Tom Wolfe dies


New York Daily News - - FRONT PAGE - BY LARRY McSHANE

WHEN IT CAME to style, both lit­er­ary and sar­to­rial, Tom Wolfe re­mained in a class all his own.

The im­pec­ca­bly at­tired writer and peer­less practitioner of the ground­break­ing “New Jour­nal­ism” died Mon­day of an in­fec­tion at an un­spec­i­fied Man­hat­tan hospi­tal, said his agent Lynn Nes­bit.

Wolfe, 88, earned his spot as one of the great Amer­i­can writ­ers of the 20th cen­tury with his deep re­port­ing dives for books like “The Right Stuff” and “The Elec­tric Kool-Aid Acid Test.”

After nine non­fic­tion ef­forts, he used the same tech­nique to write fic­tion, in­vest­ing the time and re­port­ing that in­formed “The Bon­fire of the Van­i­ties,” his scathing 1987 satire on New York City.

“Noth­ing fu­els the imag­i­na­tion more than real facts do,” Wolfe once noted.

“Bon­fire” was ded­i­cated to crim­i­nal de­fense at­tor­ney Ed Hayes, who served as Wolfe’s guide on a jour­ney through the daunt­ing Bronx crim­i­nal jus­tice sys­tem.

Among the sub­jects of Wolfe’s inim­itable writ­ing, with its no-de­tail-spared ap­proach, were the first U.S. as­tro­nauts, the LSD-lov­ing Merry Pranksters and feck­less Man­hat­tan limou­sine lib­er­als.

Along with writ­ers Tru­man Capote and Gay Talese, Wolfe — a fan of French nov­el­ist Emile Zola — emerged in the 1960s as one of the driv­ing forces be­hind the New Jour­nal­ism.

The long­time Up­per East Sider once said the genre’s method­ol­ogy com­bined the emo­tional im­pact of fic­tion, the anal­y­sis of the best es­says and the deep dig­ging of the best re­port­ing.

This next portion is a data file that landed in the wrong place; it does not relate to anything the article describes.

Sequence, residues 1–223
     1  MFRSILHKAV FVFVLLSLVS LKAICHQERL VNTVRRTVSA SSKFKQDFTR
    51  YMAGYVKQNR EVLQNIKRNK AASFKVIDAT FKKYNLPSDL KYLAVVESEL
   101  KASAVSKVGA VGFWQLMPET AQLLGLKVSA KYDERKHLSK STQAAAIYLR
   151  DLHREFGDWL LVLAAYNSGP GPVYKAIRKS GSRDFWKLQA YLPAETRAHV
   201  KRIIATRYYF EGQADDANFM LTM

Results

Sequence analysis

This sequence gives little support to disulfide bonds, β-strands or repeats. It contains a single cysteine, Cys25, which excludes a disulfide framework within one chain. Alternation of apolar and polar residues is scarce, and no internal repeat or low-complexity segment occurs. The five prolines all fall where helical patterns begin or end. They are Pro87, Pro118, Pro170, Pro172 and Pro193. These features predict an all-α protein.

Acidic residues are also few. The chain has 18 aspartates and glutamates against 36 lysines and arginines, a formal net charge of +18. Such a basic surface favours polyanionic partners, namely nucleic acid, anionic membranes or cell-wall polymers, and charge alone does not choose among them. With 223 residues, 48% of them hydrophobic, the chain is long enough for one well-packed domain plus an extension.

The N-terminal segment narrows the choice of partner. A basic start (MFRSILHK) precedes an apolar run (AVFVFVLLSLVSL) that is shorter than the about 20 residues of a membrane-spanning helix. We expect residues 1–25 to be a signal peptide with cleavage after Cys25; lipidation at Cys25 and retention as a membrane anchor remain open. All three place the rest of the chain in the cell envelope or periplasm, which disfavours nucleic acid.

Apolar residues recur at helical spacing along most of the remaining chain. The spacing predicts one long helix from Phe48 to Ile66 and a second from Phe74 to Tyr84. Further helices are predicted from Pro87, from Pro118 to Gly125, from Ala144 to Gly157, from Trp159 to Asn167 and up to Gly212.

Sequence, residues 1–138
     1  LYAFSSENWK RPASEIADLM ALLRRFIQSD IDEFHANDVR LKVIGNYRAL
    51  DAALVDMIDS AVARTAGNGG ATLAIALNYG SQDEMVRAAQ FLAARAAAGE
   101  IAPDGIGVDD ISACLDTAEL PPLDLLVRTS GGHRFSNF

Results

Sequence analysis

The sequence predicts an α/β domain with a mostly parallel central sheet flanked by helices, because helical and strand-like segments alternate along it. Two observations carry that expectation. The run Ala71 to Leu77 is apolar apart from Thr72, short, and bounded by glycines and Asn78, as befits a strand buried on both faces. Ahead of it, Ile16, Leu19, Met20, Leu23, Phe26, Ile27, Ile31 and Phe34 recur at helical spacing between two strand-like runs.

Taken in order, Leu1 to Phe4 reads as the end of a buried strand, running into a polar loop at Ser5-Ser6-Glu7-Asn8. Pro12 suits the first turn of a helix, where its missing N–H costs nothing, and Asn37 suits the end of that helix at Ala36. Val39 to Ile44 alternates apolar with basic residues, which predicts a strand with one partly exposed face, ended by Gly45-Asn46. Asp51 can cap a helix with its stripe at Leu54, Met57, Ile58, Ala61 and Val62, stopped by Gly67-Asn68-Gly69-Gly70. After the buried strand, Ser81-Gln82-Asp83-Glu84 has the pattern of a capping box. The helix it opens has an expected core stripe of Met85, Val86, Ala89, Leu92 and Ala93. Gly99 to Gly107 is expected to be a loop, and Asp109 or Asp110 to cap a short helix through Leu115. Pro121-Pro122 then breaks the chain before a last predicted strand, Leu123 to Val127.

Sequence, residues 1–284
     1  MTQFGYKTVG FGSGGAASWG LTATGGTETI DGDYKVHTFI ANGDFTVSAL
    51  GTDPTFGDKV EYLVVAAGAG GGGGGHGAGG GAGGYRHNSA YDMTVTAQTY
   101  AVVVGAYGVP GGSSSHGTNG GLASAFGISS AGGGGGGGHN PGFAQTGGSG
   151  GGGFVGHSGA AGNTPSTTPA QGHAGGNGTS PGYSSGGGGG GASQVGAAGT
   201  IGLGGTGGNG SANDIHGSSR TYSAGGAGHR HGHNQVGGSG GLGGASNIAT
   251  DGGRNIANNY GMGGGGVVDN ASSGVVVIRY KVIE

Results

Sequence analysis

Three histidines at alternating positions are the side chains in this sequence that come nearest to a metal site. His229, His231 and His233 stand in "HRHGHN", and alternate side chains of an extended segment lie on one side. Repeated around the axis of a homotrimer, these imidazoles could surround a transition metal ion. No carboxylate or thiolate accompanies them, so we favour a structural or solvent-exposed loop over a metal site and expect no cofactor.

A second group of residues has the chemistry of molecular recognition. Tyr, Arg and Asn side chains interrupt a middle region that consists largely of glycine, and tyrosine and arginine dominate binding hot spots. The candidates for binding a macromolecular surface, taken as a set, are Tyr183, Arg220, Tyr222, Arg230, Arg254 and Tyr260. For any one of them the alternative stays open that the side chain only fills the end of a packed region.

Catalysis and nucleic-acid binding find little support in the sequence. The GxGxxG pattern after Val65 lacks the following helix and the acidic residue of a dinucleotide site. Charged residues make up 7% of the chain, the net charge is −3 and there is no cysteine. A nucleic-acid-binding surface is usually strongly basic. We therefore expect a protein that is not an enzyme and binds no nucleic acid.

“He was an in­cred­i­ble writer,” said Talese. “And you couldn’t im­i­tate him. When peo­ple tried, it was a dis­as­ter. They should have got­ten a job at a butcher’s shop.”

His unique ap­proach was hardly lim­ited to writ­ing. Wolfe’s daily attire typ­i­cally fea­tured a three­piece suit, of­ten white, along with a high-col­lared shirt, two-tone shoes and a silk tie.

Wolfe’s best sell­ers ran the gamut from “The Right Stuff,” his riv­et­ing ac­count of Amer­ica’s first as­tro­nauts, to fact-based fic­tion like “Bon­fire.”

His first pass at the lat­ter was pub­lished, one chap­ter every two weeks, in Rolling Stone mag­a­zine — Wolfe’s homage to the se­ri­al­ized 19th cen­tury tales of Charles Dick­ens and Wil­liam Make­peace Thack­eray.

“How I shall miss that swirling script on the hand­writ­ten notes, the flair of your white suit en­ter­ing a room!” tweeted mag­a­zine ed­i­tor Tina Brown. “You were the best of the best.”

Wolfe went boldly over the top with his writ­ing, his tales rife with ex­cla­ma­tion points, ital­ics and phrases plucked from the ether as he pounded on a vin­tage type­writer.

“Fuhged­dabou­dit” served as his one-stop New York dis­missal for ev­ery­thing, while “rad­i­cal chic” cap­tured his take on the causes of limou­sine lib­er­als.

His per­sonal fa­vorite of the Wolfe-coined terms: “Good ol’ boy,” from a 1964 mag­a­zine piece about stock car driver Ju­nior John­son.

In 1998’s “A Man in Full,” Wolfe de­scribed a morn­ing on a Ge­or­gia mil­lion­aire’s spread: “Some­how noth­ing re­minded him so in­tently of how far he had come in his 60 years on Earth as the smell of the an­i­mals.

“Turpm­tine Plan­ta­tion! Twenty-nine thou­sand acres of prime south­west Ge­or­gia for­est, fields and swamp! It was his, to do with as he chose, which was: to shoot quail.”

In 1978, Wolfe mar­ried Harper’s mag­a­zine art di­rec­tor Sheila Berger. He was sur­vived by his wife and their two chil­dren, Alexan­dra and Tommy.

Tom Wolfe (left), a pi­o­neer of the “New Jour­nal­ism,” turned his tal­ents to New York City in the satir­i­cal novel “Bon­fire of the Van­i­ties.”

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